On July 27, Senator Jason Lewis joined colleagues in the Massachusetts Senate to support legislation that removes existing barriers for students with intellectual disabilities, autism spectrum disorders or other developmental disabilities so they can attend public institutions of higher education. The bill, which passed with bipartisan support, honors the spirit of the Americans With Disabilities Act (ADA), which was signed into law 30 years ago by President George H.W. Bush.
Under An Act Creating Higher Education Opportunities for Students with Intellectual and Developmental Disabilities, students would not be required to pass the MCAS, have a high school diploma, meet minimum requirements for academic courses, or take college entrance exams in order to access inclusive academic, social, and career development opportunities on college campuses with their peers. In addition, the bill also makes clear that strengthening access to higher education for students with disabilities is a goal of the Commonwealth’s higher education system.
“Everyone in Massachusetts deserves access to a high quality education, but currently there are numerous barriers preventing some students with disabilities from accessing higher education opportunities,” said Senator Jason Lewis, Senate Chair of the Joint Committee on Education. “The Inclusive Concurrent Enrollment Initiative at Middlesex Community College which serves a number of my constituents is a fantastic program, and I’m very pleased that this legislation will enable more students to enroll in programs like this across the Commonwealth.”
“We are proud that many community colleges are already experienced with inclusive concurrent enrollment programs, and know first-hand that participating students gain life skills and education that increase their ability to live more empowered, independent, and inclusive lives,” said Tom Sannicandro, Director of the Massachusetts Association of Community Colleges. “This bill creates a life changing opportunity by breaking down barriers to higher education for students with disabilities. We are happy to see the bill move forward to expand this critical program to more students in Massachusetts.”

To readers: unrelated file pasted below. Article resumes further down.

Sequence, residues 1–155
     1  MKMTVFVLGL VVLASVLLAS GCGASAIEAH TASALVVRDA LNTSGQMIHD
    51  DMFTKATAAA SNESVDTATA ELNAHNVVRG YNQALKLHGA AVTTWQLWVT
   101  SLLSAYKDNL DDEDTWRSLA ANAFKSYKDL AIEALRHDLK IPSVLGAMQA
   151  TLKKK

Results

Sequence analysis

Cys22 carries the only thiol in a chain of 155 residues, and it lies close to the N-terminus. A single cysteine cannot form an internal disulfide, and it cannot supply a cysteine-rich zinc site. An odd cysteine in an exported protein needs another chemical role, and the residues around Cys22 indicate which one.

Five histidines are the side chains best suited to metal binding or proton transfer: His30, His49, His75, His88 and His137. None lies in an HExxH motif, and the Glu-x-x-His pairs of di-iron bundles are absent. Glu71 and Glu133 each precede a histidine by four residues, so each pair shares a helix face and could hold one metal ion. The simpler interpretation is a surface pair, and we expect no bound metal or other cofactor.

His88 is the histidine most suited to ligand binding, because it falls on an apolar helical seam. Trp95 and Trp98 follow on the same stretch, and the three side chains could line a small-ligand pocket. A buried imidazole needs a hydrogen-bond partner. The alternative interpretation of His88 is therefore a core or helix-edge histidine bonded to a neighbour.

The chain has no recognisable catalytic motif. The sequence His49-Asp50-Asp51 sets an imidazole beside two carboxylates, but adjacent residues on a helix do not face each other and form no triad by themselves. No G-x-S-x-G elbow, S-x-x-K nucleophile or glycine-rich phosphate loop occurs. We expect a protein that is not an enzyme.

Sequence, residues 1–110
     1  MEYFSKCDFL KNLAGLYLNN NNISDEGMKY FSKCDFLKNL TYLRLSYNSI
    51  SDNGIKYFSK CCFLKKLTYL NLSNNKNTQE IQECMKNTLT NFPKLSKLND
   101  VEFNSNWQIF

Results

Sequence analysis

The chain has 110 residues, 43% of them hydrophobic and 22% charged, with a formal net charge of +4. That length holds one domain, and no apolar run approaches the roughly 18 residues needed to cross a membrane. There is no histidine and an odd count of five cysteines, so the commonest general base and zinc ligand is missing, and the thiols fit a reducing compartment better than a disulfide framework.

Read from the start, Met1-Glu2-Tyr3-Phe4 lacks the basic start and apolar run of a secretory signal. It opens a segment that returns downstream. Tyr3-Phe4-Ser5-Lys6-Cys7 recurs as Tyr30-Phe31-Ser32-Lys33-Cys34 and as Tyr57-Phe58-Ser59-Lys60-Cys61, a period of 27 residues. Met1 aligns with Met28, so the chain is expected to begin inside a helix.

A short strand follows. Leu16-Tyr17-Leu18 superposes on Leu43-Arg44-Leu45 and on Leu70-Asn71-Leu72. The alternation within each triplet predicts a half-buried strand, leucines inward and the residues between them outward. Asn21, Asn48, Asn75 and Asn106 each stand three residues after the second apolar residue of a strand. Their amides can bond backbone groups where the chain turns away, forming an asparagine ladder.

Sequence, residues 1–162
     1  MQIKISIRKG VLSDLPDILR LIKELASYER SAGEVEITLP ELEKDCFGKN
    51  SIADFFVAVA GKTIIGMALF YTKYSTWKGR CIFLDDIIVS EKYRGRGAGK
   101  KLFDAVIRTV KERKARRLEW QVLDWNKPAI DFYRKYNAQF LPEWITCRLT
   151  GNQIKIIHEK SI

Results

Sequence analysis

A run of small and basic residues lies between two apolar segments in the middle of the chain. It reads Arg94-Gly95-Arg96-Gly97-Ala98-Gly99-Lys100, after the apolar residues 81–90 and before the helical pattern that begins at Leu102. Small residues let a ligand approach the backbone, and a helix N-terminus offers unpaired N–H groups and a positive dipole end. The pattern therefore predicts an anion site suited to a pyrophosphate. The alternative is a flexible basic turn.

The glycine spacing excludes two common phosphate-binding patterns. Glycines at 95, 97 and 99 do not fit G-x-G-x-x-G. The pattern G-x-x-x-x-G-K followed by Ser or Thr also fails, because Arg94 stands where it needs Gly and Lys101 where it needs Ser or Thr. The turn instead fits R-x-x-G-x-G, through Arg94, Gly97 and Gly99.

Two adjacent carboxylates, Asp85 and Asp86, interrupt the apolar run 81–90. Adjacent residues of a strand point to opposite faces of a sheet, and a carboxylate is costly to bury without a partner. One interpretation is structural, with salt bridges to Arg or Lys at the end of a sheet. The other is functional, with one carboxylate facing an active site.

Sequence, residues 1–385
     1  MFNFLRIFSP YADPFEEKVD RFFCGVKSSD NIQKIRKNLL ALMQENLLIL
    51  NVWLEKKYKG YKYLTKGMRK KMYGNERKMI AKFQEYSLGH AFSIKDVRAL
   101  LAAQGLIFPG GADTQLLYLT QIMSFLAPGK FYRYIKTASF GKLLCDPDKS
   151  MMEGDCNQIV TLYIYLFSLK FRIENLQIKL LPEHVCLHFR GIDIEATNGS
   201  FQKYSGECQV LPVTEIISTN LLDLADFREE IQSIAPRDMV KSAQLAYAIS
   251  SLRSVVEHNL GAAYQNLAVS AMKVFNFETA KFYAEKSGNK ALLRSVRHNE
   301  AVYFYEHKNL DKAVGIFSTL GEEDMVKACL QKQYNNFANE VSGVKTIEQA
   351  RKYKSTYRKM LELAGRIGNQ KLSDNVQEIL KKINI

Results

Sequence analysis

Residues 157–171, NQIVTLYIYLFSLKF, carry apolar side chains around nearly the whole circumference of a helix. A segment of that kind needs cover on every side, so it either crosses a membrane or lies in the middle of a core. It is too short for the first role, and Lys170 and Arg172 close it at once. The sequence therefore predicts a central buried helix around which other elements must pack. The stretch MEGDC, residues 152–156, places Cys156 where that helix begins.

Building on the success of the Massachusetts Inclusive Concurrent Enrollment Initiative (MAICEI) grant program, the bill codifies that program, which enables school districts and public institutions of higher education to partner together to offer inclusive concurrent enrollment initiative options for students with disabilities ages 18 to 22. Since 2007, over 1,200 students with disabilities have taken advantage of the opportunity to participate academically and socially in the life of participating colleges in Massachusetts through the MAICEI program.
In response to the challenges facing school districts and public higher education institutions during the COVID-19 pandemic, the Senate bill ensures no additional costs are placed on a school district beyond the existing obligations already required under state and federal special education law.
Furthermore, the bill also ensures that colleges are not required to bear any additional costs of providing individual supports and services for students with severe intellectual disabilities, severe autism spectrum disorders, or other severe developmental disabilities who attend the college through the MAICEI initiative.
The bill now heads to the Massachusetts House of Representatives for their consideration.